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@physicaltherapyresearch
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877 Likes31 Comments

πŸ“šπŸ”¬
SIJ Testing
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INTRO:
Previous systematic reviews revealed poor reliability and validity for SIJ testing.
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However, these reviews were published nearly 20 years ago and recent evidence has not yet been summarized.
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Klerx et al (2019), conducted an up-to-date systematic review to verify whether clinical recommendations for SIJ mobility tests should be revised. .
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Results:
12 relevant articles.
3 of sufficient methodological quality. .
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These 3 evaluated the reliability of 8 SIJ mobility tests and one test cluster. .
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Including:
(1) Click-clack test (2) Standing flexion test
(3) Seated flexion test
(4) Gillet test
(5) Prone knee flexion test
(6) Heel-bank test
(7) Abduction test
(8) Thumb-PSIS test
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Gillet was the only test evaluated in more than one study.
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Majority of individual tests showed slight to fair agreement in inter-tester reliability.
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Compared to individual tests, the test cluster showed higher reliability, the highest in two positive tests. .
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Although some tests had higher reliability, the confidence intervals around them were large. .
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Furthermore, there were no validity studies of sufficient methodological quality. .
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Conclusion: .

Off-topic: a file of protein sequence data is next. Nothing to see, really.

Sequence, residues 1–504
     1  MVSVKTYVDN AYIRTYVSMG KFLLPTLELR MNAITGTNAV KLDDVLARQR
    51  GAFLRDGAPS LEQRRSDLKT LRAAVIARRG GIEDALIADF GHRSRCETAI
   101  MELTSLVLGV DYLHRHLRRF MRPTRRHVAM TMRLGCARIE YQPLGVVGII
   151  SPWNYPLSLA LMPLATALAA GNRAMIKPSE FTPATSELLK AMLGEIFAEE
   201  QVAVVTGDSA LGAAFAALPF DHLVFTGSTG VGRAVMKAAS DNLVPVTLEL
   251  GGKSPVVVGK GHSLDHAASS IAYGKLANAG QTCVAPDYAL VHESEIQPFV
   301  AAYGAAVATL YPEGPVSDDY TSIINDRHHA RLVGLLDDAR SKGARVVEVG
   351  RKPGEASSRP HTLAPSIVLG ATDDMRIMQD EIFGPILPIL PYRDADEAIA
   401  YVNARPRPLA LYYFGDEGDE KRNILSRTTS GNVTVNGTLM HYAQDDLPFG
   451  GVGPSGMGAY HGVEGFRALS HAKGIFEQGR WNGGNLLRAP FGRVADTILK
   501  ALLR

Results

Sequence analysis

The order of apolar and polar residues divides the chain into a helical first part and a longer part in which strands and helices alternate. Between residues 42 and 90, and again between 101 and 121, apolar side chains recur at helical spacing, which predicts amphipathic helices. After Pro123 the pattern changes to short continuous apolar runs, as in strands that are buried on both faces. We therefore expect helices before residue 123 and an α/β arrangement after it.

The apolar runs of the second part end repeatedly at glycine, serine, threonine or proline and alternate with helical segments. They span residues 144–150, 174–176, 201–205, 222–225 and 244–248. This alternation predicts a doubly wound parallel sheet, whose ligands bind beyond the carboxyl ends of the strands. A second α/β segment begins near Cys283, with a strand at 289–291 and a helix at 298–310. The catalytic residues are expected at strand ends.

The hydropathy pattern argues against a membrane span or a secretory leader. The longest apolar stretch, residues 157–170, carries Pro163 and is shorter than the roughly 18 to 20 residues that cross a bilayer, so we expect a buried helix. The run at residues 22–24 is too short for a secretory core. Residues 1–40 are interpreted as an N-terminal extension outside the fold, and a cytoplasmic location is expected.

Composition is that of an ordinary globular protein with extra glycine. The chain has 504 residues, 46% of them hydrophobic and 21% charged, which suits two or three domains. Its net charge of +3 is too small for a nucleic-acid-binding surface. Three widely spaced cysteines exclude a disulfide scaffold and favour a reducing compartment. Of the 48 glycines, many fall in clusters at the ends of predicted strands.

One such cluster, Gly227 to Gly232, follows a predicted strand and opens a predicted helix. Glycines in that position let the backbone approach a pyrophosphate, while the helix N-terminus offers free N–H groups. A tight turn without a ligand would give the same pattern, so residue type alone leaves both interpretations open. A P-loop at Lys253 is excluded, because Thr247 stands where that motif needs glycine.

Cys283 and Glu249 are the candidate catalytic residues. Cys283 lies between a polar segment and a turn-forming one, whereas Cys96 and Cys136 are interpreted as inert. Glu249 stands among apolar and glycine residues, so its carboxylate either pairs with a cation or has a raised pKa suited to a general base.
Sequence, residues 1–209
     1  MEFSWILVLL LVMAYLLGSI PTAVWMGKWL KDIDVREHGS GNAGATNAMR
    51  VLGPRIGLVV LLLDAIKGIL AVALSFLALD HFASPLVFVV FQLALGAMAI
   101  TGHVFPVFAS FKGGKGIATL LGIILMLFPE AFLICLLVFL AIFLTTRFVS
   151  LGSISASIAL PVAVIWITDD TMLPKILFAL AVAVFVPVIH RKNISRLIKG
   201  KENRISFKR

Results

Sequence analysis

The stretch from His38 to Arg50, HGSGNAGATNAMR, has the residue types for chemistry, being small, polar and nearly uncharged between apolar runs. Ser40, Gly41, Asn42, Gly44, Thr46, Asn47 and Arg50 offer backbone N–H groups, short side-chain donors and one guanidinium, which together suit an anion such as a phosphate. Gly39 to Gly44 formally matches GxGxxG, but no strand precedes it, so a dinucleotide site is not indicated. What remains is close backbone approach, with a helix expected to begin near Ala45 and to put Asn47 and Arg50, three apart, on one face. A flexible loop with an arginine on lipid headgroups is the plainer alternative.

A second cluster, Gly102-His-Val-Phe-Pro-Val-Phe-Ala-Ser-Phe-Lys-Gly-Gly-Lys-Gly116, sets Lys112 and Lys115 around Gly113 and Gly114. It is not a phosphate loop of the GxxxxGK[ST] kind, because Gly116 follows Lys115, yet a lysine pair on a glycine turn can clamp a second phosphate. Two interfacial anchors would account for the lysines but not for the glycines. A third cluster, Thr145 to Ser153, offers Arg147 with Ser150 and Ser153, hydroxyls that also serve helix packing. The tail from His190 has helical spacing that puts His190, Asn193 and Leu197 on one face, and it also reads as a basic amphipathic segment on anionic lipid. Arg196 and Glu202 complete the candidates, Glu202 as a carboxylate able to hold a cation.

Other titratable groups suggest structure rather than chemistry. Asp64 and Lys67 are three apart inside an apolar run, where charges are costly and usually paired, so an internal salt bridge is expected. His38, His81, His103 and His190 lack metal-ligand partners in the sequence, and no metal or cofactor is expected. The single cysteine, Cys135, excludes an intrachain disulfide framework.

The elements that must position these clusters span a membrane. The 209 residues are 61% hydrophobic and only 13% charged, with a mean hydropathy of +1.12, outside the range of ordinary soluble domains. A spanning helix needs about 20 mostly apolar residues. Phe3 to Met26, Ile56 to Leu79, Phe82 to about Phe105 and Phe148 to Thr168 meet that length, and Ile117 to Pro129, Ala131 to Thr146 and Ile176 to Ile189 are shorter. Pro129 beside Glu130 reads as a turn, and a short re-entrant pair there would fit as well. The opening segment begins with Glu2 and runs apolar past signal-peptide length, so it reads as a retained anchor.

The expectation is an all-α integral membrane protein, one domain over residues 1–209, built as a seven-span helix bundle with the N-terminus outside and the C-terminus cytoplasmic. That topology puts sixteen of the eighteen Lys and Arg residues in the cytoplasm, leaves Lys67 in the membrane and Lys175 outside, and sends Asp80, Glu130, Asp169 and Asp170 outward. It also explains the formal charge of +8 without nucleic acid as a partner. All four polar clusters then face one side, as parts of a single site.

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There is no new evidence for the validity of SIJ mobility tests when considering literature of at least fair methodological quality. .
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Only low quality and conflicting evidence for inter-rater reliability exists.
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Reliability of individual SIJ mobility tests and test clusters is questionable or uncertain. .
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The use of SIJ mobility tests in clinical practice is problematic. .
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Thoughts? Questions? Comments?
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Write them below. .
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SOURCE:
Klerx, et al. 2019. Clinimetric properties of sacroiliac joint mobility tests: A systematic review. MSK Science. http://doi.org/10.1016/j.msksp.2019.102090

19 Nov 2019

Comments
  • @noejarrand

    @_mvvvxx_ zeubi

    21 Nov 2019

  • @osteopathy4thesoul

    Where pain is does not mean it’s the source of the problem. Most likely it’s not... it’s more like: how the whole affect the SIJ? Below and above... what’s the history? Falls, accidents, trauma (physical and emotional), health of the organs within pelvic bowl, hormonal status? I mean... SIJ is one thing but how does it integrate or not? And why? Go down the rabbit hole.

    19 Nov 2019

  • @physio.guy

    @bryce_dund

    19 Nov 2019

  • @physiostrengthnyc

    The funny thing is, even if we could reliably demonstrate that the sacroiliac joint is a large source of nociception, would it drastically change the plan of care or exercise selection? πŸ€”

    19 Nov 2019

  • @nomadpt

    @reesetmj23

    19 Nov 2019

  • @atlafleur

    I could be wrong, but I don’t think the descriptions match the tests in the image. Also, what is to be said about newer studies that discredit old beliefs of the actual mobility of the SIJ? I can’t remember specifically, but I want to say that the SIJ has been observed to only have about 6Β° of mobility.

    19 Nov 2019

  • @michaelbwoodbury

    The only reliable tests for SIJ are pain provocation and feeling end-range joint play. Anything else that attempts to find more info is a fools errand IMO. Even the best motion palpators can’t tell you the millimeter or two difference to any exact degree in a β€œfixated” joint. And then we have to consider how much of that perceived dysfunction is actually lumbosacral junction vs upper SIJ. It be like that sometimes.

    19 Nov 2019

  • @fahreza_fatih

    @rizkyputrib_ @devimigieka

    19 Nov 2019

  • @physicaltherapyresearch

    #rehab #pain #painscience #physiology #physicaltherapy #physiotherapy #massage #orthopedic #chiropractic #medicine #sportsmedicine #science #research #health #wellness #nervoussystem #neuroscience #brain #physicaltherapyresearch #dpt #dptstudent #exercise #fitness #workout #sijointdysfunction #sijointpain #sij

    19 Nov 2019